Most decision analysts greet “Big Data” with considerable scepticism. Eyes roll, arms are crossed, someone mumbles something about driving while looking in the rear view mirror. It’s safe to say Big Data hasn’t been welcomed with open arms by the DA community.
When some new/rebranded management science thing comes along, we can react in one of several ways:
0. This thing is worthless rubbish.
1. This thing isn’t new, we’ve been doing this all along.
2. There are certain niches in which this thing might be useful (just not the ones I usually work in).
3. This new thing has/will change the way I work.
Sometimes, we start at 0 and stay there. Some new things really are crap (AHP anyone?). It’s rare to jump right to 3; that only happens with new things that are non-threatening, ideas or tools we can integrate into our practice without changing anything fundamental (e.g., going way back, old school DA geeks were happy to lose their APL skills and use spreadsheets). Most decision analysts seem to be responding to Big Data with 1 or 2 at the moment.
Big Data is particularly annoying for decision analysts because we’ve often been in the role of dissing Little Data. Data is about the past, value is about the future. We’ve seen people so intoxicated by data (even the Little kind) that they’re unable to lift their heads and look forward. You can’t extrapolate your way to prosperity.
But it’s partly our fault. Decision analysts are often data lazy. To borrow from Amazon.com, Direct Assessment and You’re Done! Say we need to know the percentage of blue haired customers who will migrate to the next generation of hairbrushes. There’s some uncertainty? No problem, put a range on it! But, what if it ends up at the top of the tornado, and someone offers us a wodge of clickstream data that might tell us what the blue haired people are looking for? We ask for a subject matter expert, and the client says “Isn’t that you?”. That’s outside the average DA Joe’s comfort zone.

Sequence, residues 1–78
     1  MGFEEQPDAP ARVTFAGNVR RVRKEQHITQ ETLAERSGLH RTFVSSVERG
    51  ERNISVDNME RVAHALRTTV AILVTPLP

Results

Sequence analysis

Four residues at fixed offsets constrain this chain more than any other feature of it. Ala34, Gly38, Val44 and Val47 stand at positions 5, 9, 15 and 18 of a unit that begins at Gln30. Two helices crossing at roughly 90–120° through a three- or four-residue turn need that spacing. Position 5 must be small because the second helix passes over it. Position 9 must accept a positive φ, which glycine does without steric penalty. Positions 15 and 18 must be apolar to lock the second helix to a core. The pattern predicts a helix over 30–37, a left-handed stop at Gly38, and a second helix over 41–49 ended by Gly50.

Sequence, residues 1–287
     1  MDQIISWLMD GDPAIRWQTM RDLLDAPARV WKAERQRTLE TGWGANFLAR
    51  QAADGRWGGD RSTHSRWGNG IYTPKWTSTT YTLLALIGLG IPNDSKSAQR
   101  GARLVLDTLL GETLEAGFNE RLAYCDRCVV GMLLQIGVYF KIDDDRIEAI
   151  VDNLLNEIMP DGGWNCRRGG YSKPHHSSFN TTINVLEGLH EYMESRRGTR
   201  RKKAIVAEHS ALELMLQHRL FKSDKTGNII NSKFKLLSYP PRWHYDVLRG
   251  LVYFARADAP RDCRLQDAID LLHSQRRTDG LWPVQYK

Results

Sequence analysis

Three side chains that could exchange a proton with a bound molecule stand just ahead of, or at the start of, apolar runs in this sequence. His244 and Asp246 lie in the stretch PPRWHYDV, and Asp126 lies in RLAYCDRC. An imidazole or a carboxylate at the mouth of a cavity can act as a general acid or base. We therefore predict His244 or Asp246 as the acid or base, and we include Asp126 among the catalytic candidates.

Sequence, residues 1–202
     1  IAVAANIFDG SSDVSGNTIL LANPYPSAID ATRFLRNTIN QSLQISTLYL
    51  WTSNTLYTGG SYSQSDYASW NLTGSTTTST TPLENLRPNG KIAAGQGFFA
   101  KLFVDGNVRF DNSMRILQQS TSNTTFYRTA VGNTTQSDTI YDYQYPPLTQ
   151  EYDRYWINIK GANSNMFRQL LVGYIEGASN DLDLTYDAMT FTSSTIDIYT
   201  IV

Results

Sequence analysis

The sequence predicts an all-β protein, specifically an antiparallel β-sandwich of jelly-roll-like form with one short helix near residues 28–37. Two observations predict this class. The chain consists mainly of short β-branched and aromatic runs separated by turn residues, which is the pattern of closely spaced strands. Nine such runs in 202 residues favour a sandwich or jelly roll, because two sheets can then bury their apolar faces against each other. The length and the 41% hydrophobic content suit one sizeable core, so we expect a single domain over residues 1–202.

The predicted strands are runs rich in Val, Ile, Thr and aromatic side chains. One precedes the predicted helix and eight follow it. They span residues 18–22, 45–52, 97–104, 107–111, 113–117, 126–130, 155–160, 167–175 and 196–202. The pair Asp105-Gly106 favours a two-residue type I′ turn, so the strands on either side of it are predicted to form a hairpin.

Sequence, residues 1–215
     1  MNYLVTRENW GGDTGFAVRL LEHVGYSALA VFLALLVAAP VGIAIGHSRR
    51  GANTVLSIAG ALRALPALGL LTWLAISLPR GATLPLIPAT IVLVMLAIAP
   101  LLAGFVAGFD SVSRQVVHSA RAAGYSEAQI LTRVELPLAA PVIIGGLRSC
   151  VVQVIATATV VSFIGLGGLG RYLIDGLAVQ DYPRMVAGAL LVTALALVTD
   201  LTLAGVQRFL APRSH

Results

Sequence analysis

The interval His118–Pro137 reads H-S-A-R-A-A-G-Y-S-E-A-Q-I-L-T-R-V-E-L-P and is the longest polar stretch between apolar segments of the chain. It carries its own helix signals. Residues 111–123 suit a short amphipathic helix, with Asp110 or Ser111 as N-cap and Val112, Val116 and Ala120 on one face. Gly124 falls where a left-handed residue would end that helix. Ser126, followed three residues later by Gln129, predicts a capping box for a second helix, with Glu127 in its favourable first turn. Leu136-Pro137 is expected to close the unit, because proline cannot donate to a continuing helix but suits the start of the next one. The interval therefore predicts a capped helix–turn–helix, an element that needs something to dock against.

From a distance, one would expect Big Data to drive down the cost of information. Data isn’t information, but it’s the raw material from which one refines information. Fortunately, for all our data aversion, decision analysis people are on familiar turf when talking about information and its value. Before, we might have said that a primary market research study into the bluehairs would be too time consuming and expensive. Now, it’s a no-brainer that we should spend a few thousand dollars worth of staff time on data analysis to reduce uncertainty.
So Big Data meshes well with the value of information we all know and love, but if we keep it in that box, we’ll miss out on much of its value. Beyond mere variance reduction, Big Data also has huge potential in the generation of creative alternatives. Who knew bluehairs were going to dreadlocks in droves? We did, because we had the data and asked the question. Can we capitalize on that?
Big Data is changing the practice of management consulting, and we’ll all have to respond to it in ways that work for us as individual people/firms. I would offer a few suggestions for cohabitating with Big Data in a peaceful and successful way:
- Stay in your game plan. Proper framing and check-ins (snake chart) with the decision review board are as important as ever.\
- Start quickly. Get to a rough tornado ASAP, and VOI soon after. The model can guide data gathering (digital or analogue), but only if it’s available promptly. If the model is taking its sweet time, people will inevitably do whatever they’re comfortable doing, and once they’ve built that econometric scalp scratcher they won’t let go of it.\
- Get your hands dirty. Turning data into information, and information into probability assessments, is going to require your judgement. That may present a problem for some practitioners (think of “we’re just assisting/facilitating” language in big firm engagement letters), but it’s necessary to ensure quality.\
- Look for the gems. I think we’ve all had those eureka moments where a fantastic alternative jumps out of the weeds, whether in framing or analysis. Now, more of those alternatives are going to come out of that wodge of data, and we don’t want to miss them.\